Game Spotlight: Critical Variations

As we’ve seen, there’s a way to organize to best learn a new opening.  First, start off with the most fundamental variation, and get used to the middlegame ideas involved, while respecting the ideas your opponent has.  (If you’re going to bail on the opening, it would be after getting enough practice here that you can be sure the opening is not for you.)  The question now is, what next?

It depends on the opening.  As we’ve been looking at the King’s Indian Defence, it provides a good illustration of an important type of variation to study fairly early on.  These “critical variations” contain some important idea, without which you can’t understand the opening.  In our example, that would be the Exchange Variation:

A good way to tell you’re looking at one of these is if you can ask the question, “Why doesn’t this player just do…?”  (“Why doesn’t White just take my e-pawn?”)  Among the reasons to study this kind of thing, these kinds of variations tend to get played by less experienced players — they don’t know not to go down that road.  So if it’s not simply a blunder, you need to know how to play the variation.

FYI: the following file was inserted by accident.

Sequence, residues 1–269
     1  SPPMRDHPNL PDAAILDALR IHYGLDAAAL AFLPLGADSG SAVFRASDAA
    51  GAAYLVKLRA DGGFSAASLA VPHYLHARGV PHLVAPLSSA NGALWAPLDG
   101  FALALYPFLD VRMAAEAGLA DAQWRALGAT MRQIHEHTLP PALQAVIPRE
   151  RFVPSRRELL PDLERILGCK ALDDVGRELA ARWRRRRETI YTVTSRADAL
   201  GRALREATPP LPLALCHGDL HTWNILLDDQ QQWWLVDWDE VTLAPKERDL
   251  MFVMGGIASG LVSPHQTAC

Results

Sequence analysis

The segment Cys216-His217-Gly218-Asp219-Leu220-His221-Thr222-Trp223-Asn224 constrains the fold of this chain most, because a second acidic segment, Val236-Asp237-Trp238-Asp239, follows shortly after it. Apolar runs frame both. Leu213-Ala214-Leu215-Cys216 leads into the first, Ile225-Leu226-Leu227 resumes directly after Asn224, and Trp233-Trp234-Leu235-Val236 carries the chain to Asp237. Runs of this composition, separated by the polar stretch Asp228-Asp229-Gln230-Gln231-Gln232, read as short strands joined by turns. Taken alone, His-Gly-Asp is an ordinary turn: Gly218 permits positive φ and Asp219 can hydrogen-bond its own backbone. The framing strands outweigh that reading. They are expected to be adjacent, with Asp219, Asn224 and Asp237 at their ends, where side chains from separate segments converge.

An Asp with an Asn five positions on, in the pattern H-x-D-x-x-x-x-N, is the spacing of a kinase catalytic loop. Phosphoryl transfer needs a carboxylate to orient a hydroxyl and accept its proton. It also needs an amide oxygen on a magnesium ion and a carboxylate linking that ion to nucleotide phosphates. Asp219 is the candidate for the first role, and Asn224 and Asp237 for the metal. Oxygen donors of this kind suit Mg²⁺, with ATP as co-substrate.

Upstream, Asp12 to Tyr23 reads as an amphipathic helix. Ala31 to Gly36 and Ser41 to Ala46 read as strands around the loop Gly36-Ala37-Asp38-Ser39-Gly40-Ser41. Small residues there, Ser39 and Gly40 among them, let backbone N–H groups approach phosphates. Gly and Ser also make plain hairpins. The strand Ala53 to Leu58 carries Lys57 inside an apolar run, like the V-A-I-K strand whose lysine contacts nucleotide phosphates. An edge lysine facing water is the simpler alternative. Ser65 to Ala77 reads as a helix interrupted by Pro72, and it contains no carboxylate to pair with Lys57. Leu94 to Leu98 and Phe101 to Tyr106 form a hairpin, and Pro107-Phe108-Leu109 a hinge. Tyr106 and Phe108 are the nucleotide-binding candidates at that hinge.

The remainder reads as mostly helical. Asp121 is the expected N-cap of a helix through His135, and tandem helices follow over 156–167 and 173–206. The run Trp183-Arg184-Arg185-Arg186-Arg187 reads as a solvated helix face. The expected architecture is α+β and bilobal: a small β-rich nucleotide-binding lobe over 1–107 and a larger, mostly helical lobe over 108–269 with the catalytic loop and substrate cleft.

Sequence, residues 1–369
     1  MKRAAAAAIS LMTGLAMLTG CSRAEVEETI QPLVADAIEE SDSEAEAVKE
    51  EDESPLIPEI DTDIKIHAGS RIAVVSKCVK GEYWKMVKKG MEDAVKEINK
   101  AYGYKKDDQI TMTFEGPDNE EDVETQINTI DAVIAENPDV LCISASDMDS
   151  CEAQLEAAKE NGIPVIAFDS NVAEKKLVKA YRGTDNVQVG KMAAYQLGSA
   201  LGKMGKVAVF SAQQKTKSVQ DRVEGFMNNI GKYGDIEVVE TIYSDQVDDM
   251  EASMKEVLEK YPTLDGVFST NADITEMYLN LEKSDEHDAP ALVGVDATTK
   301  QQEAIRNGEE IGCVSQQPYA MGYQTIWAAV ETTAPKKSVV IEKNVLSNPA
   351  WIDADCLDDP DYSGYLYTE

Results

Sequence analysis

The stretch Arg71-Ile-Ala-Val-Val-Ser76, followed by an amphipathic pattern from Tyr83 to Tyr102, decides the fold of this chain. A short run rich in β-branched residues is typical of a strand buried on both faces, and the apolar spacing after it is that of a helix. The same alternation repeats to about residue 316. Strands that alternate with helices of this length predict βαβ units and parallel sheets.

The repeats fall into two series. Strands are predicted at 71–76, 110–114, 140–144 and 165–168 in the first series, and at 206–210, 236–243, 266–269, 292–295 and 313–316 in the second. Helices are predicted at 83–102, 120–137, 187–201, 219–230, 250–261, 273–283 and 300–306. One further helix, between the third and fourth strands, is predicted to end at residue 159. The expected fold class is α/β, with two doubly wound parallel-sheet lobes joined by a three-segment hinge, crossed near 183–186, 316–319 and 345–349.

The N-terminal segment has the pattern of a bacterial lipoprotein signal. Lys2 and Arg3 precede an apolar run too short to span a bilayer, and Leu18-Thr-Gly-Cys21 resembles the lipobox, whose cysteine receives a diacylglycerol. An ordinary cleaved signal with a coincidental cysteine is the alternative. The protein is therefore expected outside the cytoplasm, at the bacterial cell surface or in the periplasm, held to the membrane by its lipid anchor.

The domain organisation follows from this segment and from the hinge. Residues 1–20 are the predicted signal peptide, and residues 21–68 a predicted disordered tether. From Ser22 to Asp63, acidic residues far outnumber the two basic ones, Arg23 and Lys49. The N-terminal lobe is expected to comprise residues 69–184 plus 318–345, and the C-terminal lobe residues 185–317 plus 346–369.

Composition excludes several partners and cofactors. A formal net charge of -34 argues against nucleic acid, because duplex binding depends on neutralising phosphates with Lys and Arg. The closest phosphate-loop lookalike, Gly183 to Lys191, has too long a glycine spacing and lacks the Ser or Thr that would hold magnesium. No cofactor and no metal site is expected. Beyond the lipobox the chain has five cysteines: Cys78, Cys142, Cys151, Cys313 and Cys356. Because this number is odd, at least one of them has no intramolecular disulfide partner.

As it happens, the Exchange Variation is useful to study for another reason.  There are variations of the King’s Indian Defence where White does trade pawns like this, and is correct to do so.  Understanding why this is a good strategy in other variations and not here comes down to the Queens.  White wants to fight for control of the open d-file, as well as control of the a6-f1 and a7-g1 diagonals, particularly the c5 and d6 squares.  Since some of these ideas involve files and some involve diagonals, the Queen is key to holding everything together (it’s the only piece that can do both).  With Queens off, White runs into trouble:

Note that while this variation gets slightly better results for Black, it’s usually considered drawish.  All the more reason to know it well — there are times when it’s useful for the White player to play for a draw.  If you’re Black, you probably don’t want to let them succeed.

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